Which piece of published auditory research do you wish that you had been involved in?

I have covered a lot of topics in my work: instead of; ECochG, ABR, cortical evoked potentials, animal and human auditory development, diagnosing Meniere’s disease and acoustic neuroma, auditory deprivation and cochlear implants, temporal auditory processing, effects of noise exposure - environmental as well as traumatic - and tinnitus. So what more is there to wish? To be honest, I envied the work on recording single units and local field potentials in auditory cortex of humans with implanted electrodes because of intractable epilepsy, e.g. the work of Kirill Nourski at Iowa University.

In a landmark study, you and Arnaud Noreña demonstrated that an enriched auditory environment following noise exposure could abolish physiological indicators of tinnitus [4]. How did you come up with that idea, and do you think there are clinical opportunities with similar strategies that are yet to be realised?

Arnaud developed the notion that tinnitus is caused by an imbalance between excitatory and inhibitory activity in the central auditory nervous system, resulting from a frequency-specific decrease in spontaneous and driven activity in the auditory nerve fibres following acoustic trauma. Based on all this, we speculated that using an enhanced acoustic environment, such as presenting sounds in the frequency range of the hearing loss, would balance this uneven output of the auditory nerve fibres. We found that post-trauma exposure to the EAE, covering the hearing loss frequency range, for three weeks or more prevented the triad of tonotopic map change, increased SFR, and increased neural synchrony from occurring.

We also found but did not publish - because we had only three animals in that experiment and never followed up on it - that applying an EAE one week after the end of the trauma had no effect. This suggests a critical period for recovery of the neurotoxic aspects of the hearing loss (in the high-frequency region basally from the region of hair cell loss). Potential consequences for post-trauma treatment of tinnitus in humans by tailored auditory environments are that its effectiveness will greatly decrease with time after the onset of tinnitus.

Much of your work has sought to synthesise findings on tinnitus from auditory neuroscience experiments with human experiences. Why do you believe that this is important, and what potential insights can be gleaned?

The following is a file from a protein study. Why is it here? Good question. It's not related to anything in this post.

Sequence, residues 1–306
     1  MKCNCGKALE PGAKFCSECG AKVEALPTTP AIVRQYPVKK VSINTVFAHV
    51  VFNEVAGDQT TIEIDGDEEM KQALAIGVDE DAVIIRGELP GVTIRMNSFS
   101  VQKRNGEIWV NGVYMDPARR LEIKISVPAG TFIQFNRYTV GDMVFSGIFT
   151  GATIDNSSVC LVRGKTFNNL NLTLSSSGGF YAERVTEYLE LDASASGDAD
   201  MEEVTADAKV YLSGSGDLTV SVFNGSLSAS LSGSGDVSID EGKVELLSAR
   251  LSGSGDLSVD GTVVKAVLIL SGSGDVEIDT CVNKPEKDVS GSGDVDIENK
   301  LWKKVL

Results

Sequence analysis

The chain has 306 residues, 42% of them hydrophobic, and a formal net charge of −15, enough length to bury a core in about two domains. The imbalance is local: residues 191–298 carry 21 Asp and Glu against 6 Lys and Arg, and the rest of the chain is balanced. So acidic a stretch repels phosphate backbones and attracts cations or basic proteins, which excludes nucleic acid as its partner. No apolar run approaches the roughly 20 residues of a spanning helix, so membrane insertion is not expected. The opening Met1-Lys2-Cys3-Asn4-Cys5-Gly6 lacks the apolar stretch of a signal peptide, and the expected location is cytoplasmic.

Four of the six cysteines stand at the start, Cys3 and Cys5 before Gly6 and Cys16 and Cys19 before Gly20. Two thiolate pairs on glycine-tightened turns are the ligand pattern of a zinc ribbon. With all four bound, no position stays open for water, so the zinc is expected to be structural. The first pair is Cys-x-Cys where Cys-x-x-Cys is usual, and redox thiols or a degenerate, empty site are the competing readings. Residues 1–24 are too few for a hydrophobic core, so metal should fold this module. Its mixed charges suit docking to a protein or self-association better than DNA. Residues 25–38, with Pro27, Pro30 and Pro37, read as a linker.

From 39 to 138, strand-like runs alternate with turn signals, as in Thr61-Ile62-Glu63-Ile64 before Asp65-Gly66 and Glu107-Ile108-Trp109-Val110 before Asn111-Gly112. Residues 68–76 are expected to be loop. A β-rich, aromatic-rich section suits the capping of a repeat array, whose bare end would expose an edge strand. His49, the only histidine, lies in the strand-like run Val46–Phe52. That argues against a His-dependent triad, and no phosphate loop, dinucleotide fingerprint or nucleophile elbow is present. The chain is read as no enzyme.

Ideally, animal experiments might delineate the mechanisms that underlie some forms of tinnitus. This is possible because they use very strict criteria for the agents that putatively induce tinnitus, i.e. salicylate dose or duration and level of noise exposure. We should realise that this always relates to recent tinnitus, within a few days, weeks or months after the induction. Often the noise only produces a TTS, and tinnitus measurements are done after full recovery. Humans who present at clinics typically have long lasting tinnitus and often with unknown aetiology. So that makes it hard to equate animal and human tinnitus.

With the increase in neural imaging we start to know a lot about what is happening in human cortex, and not limited to changes in auditory areas. Again, comorbidities with tinnitus vary a lot and, in my opinion, determine most of the changes in the human brain networks. In contrast, animal research has been dominated by work on subcortical structures. Linking these two realms is still a challenge. For more detail see Eggermont 2016 [5].

Not too long ago you wrote about how electrocochleography (ECochG) has gone in and out of fashion in the 75-plus years since it was first performed, and presently it is in resurgence [6]. Having performed a weekly ECochG clinic with David Moffat and colleagues for over 25 years, this is of great interest to me. What are the new applications of ECochG, and what clinical information can be gleaned?

One of the recent applications is in cochlear implants, either intraoperatively to monitor the implantation or with the implant in situ, using the electrically-evoked compound action potential (eCAP) to test for patency of the electrodes and the induced neural activity in the auditory nerve. This may give insight to the number of nerve fibres that can be activated and their spatial distribution across the spiral ganglion. An interesting second area is the differentiation in various genetic forms of auditory neuropathy by the capacity to record both clear presynaptic (cochlear microphonics and summating potential) and postsynaptic CAP responses. Note that genes underlying two common forms of auditory neuropathy are OTOF, resulting in synaptopathy (presynaptic) and OPA1, resulting in neuropathy of the spiral ganglion dendrites (postsynaptic). ECochG may also be able to better (in addition to using ABRs) characterise noise-exposure induced neuropathy.

Our mutual friend, Larry Roberts, died last year, and I know that you and he were close and did some very influential work together. What do you think will be his lasting legacy?

Yes, I still remember seeing him in great spirits and giving a perfect talk at a hearing loss conference in Niagara-on-the-Lake in early May 2019, just a month before he died. I miss him. Regarding his research, Larry brought residual inhibition of tinnitus to the forefront, always illustrated with application to his own tinnitus. His strength was the linking of behavioural findings in tinnitus patients with their electrophysiological data, and even more important, linking them to animal research as early on reflected in our review [3]. On the more social front, Larry was very skilled and successful in organising symposia (e.g. Society for Neuroscience, ARO and locally) and, of course, our Canadian tinnitus group meetings. He had the uncanny ability to ask the most penetrating questions in such a way that the affected researchers were actually pleased that he debunked some of their cherished opinions.


L-R: Steve Lomber (Conference Chair), Larry Roberts (JosFest Chair) and Jos Eggermont at the JosFest Symposium of the 6th International Conference on Auditory Cortex in Banff, Canada, 10 September 2017.